As illustrated in FIG. 3, attached to the end of striker 7 is clasp means 29. Clasp means 29 is attached to ring 25 which is attached to chain 26 which is attached to ring 28 which is engaged in aperture 30 located through the end of striker 7. Clasp means 29 is engaged through aperture 39 such that chain 26 prevents the sliding of striker 7. When a door or gate is opened or closed over a period of time, striker 7 could move to the extent that it would not properly engage double-pronged keeper 9. Clasp means 29 is engaged in ring 32 which is screwed into an adjacent wall or jamb such that the door is kept open and held in that position by chain 26. It is noted that clasp means 29 is secured to a fence, or any other object, for keeping open the door or gate. Ring 32 is used only when there is no object to which clasp means 29 may be attached. Additionally to prevent the upward tilting of striker 7, clasp means 29 is engaged through apertures 35 and 37. Or pin 117, attached to cable 119, is inserted through apertures 35 and 37 to prevent the striker from tilting upward. Pin 117 includes aperture 118 through which clasp means 29 engages for preventing upward movement of striker 7. A padlock may also be placed through aperture 118 for permanently locking the latch.
The invention includes an additional means for locking the latch. FIG. 4 illustrates double-pronged keeper 9 attached to base 1 and comprising first prong 9a and second prong 9b. Plate 2, comprising a thin strip of steel or similar material, is attached between first prong 9a and second prong 9b such that striker 7 will rest upon the front edge of plate 2. The rear side of plate 2 is attached to base 1 by welding or similar means, and both ends of plate 2 are attached to the inside portions of the first prong 9a and second prong 9b. Plate 6 is attached between first prong 9a and second prong 9b such that interstice 8 is formed between plate 2 and plate 6 and such that both plates lie in the same horizontal plane. Aperture 100 is centrally disposed through plate 6. FIG. 5 illustrates winged unit 102 comprising a base 104 and leg 106. Base 104 and leg 106 form a substantially T-shape. The top portion of base 104 is squarely shaped and the bottom portion of base 104 is polygonal, comprising a three sides, wherein two diagonal outer sides are connected by a horizontal tip such that a generally V-shape is formed. Leg 106 includes an aperture 105 centrally disposed therethrough, and base 104 includes an aperture 108 located towards the horizontal tip thereof. Winged unit 102 is attached towards the end of striker 7. Base 104 includes two rows of two apertures 112 wherein each aperture is spaced horizontally, side by side, and which communicate with coinciding apertures 114 disposed through striker 7. From the backside of striker 7, screws 110 are engaged into apertures 114 and apertures 112 such that winged unit 102 is secured to striker 7 such that leg 106 is perpendicular to the bottom edge of striker 7. It is noted that the ends of screws 110 are flush with the surface of winged unit 102 and do not protrude through apertures 114, thus further making the latch impervious to dismantlement. The bases of screws 110 are flush with the backside of striker 7. Alternatively, the winged unit may be welded to the striker.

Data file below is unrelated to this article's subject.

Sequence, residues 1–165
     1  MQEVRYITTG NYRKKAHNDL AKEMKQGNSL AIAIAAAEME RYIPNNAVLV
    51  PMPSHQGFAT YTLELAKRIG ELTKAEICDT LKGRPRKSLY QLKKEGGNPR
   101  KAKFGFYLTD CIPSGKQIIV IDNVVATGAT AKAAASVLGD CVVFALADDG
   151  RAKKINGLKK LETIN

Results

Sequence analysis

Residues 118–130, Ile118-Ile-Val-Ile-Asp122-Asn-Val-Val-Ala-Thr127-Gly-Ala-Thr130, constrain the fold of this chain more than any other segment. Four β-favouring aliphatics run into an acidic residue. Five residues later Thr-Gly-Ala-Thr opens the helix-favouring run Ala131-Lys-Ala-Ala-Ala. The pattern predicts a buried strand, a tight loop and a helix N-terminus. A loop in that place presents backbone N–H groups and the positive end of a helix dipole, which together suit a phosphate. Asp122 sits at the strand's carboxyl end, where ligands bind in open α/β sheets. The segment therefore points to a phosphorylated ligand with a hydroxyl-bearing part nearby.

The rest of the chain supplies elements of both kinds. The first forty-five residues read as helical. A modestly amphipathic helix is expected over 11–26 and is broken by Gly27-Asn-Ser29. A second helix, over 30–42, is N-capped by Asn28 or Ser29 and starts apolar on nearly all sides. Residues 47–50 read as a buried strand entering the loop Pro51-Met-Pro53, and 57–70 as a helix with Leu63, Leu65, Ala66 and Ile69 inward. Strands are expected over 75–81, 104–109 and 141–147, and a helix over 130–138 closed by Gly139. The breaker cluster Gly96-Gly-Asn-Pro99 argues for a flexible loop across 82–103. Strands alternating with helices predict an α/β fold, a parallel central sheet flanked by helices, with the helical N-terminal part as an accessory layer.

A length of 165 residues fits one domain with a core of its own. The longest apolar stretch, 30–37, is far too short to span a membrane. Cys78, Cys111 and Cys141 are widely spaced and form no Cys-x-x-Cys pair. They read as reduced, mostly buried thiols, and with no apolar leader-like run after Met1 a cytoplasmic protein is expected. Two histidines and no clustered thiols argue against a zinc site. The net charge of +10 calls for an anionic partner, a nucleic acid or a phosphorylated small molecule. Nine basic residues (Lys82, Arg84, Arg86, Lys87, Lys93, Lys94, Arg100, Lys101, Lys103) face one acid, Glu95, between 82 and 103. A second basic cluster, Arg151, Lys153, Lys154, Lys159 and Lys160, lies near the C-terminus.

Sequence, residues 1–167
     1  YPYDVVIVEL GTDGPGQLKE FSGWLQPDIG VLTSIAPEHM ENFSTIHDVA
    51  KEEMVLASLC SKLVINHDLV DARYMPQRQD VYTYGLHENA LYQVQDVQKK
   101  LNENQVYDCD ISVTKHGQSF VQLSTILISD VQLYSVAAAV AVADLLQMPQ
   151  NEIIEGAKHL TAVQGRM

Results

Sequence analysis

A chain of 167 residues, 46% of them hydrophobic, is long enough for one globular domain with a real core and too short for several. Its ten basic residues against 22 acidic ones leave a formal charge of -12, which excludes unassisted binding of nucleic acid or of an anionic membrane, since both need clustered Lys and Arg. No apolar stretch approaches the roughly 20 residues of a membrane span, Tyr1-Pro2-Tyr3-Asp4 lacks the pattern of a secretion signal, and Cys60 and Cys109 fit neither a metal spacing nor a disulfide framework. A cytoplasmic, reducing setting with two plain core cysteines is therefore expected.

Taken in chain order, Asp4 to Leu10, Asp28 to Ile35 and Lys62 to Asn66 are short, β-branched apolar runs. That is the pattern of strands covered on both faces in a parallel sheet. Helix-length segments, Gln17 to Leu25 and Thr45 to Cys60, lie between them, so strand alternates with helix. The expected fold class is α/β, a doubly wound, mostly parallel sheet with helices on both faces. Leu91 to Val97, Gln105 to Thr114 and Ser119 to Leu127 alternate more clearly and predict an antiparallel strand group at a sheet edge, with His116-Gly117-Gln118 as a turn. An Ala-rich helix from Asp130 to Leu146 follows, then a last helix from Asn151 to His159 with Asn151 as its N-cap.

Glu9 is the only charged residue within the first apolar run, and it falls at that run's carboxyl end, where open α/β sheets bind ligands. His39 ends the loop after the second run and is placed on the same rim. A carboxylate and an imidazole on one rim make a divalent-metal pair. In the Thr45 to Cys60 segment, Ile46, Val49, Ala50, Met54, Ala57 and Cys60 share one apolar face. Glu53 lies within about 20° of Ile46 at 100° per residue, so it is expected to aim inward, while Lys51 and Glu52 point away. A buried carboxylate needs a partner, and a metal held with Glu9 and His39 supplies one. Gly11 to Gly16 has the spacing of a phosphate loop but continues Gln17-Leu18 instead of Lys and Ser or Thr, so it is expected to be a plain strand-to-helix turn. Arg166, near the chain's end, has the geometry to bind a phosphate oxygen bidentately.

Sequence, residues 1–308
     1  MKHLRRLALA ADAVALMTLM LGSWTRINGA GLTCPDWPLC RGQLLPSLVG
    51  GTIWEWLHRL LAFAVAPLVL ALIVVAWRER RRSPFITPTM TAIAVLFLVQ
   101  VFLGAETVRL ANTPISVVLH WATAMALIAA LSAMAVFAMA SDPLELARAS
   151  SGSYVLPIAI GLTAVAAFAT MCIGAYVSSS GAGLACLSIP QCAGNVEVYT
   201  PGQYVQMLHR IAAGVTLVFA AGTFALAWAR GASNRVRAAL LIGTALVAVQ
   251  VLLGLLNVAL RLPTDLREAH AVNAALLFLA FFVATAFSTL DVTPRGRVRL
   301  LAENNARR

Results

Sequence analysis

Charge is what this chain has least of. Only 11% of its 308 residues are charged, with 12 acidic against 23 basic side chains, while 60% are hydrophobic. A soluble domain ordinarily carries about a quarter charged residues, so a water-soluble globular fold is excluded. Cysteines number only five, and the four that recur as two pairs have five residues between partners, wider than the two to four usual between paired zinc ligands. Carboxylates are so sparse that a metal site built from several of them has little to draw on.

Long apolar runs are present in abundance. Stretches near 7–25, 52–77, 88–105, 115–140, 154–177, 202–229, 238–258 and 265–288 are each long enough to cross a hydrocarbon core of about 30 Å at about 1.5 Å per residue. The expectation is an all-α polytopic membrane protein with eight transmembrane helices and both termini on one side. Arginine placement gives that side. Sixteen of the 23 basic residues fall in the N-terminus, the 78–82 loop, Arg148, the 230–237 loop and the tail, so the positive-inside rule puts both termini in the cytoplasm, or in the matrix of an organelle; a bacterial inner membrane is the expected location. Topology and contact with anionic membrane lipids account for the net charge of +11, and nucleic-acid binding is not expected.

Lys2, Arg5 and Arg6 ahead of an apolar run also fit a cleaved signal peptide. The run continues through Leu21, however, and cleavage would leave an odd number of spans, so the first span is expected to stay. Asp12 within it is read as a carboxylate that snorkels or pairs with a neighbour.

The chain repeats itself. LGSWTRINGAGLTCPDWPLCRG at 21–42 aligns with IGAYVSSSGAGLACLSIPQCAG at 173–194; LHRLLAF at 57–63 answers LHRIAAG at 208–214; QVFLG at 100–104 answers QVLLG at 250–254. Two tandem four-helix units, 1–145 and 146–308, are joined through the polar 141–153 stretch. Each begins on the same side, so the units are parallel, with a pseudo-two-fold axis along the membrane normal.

As illustrated in FIG. 6, when used with double-pronged keeper 9, the bottom portion of base 104 will fall into interstice 8 thereby locking the latch and therefore the doors to which the latch is attached. Leg 106 falls onto plate 6 such that aperture 105 communicates with aperture 100 to form a passage through which a padlock is placed for permanently locking the latch. Additionally, the latch is permanently locked by placing a padlock through aperture 108. Since the width of the padlock would be greater than the width of interstice 8, striker 7 is prevented from pivoting upwards and away from the captivity from double-pronged keeper 9.
As various modifications occur to those familiar with the art, such modifications may occur without departing in any way from the spirit and scope of the following appended claims.
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|US5799990 *||Apr 15, 1997||Sep 1, 1998||Hardee; Carl B.||Reversible gate latch with locking means|
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|US20040217598 *||May 2, 2003||Nov 4, 2004||Hardee Carl B.||Reversible security gate latch|
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|US20070262588 *||May 4, 2006||Nov 15, 2007||Mobile Mini, Inc.||Dual lock locking system for containers|
|US20080098658 *||Oct 31, 2007||May 1, 2008||Niazy Ezzat M||Two-Way, Horizontally Rotating and Self-Latching Gate Latch|
|US20090205255 *||Feb 14, 2008||Aug 20, 2009||Shelton Victor G||Security gate with emergency escape|
|WO2006097027A1 *||Jan 20, 2006||Sep 21, 2006||China International Marine Containers(Group) Co., Ltd.||A lock assembly for a trolley|
|U.S. Classification||292/238, 292/67, 292/205|
|International Classification||E05B15/12, E05C3/16|
|Cooperative Classification||Y10T292/1086, E05C3/167, Y10T292/0891, Y10T292/1072, E05B17/2023|
|European Classification||E05C3/16D, E05B17/20D5|
|Oct 25, 1999||FPAY||Fee payment|
Year of fee payment: 4
|Oct 27, 2003||FPAY||Fee payment|
Year of fee payment: 8
|Nov 5, 2007||REMI||Maintenance fee reminder mailed|
|Apr 28, 2008||FPAY||Fee payment|
Year of fee payment: 12
|Apr 28, 2008||SULP||Surcharge for late payment|
Year of fee payment: 11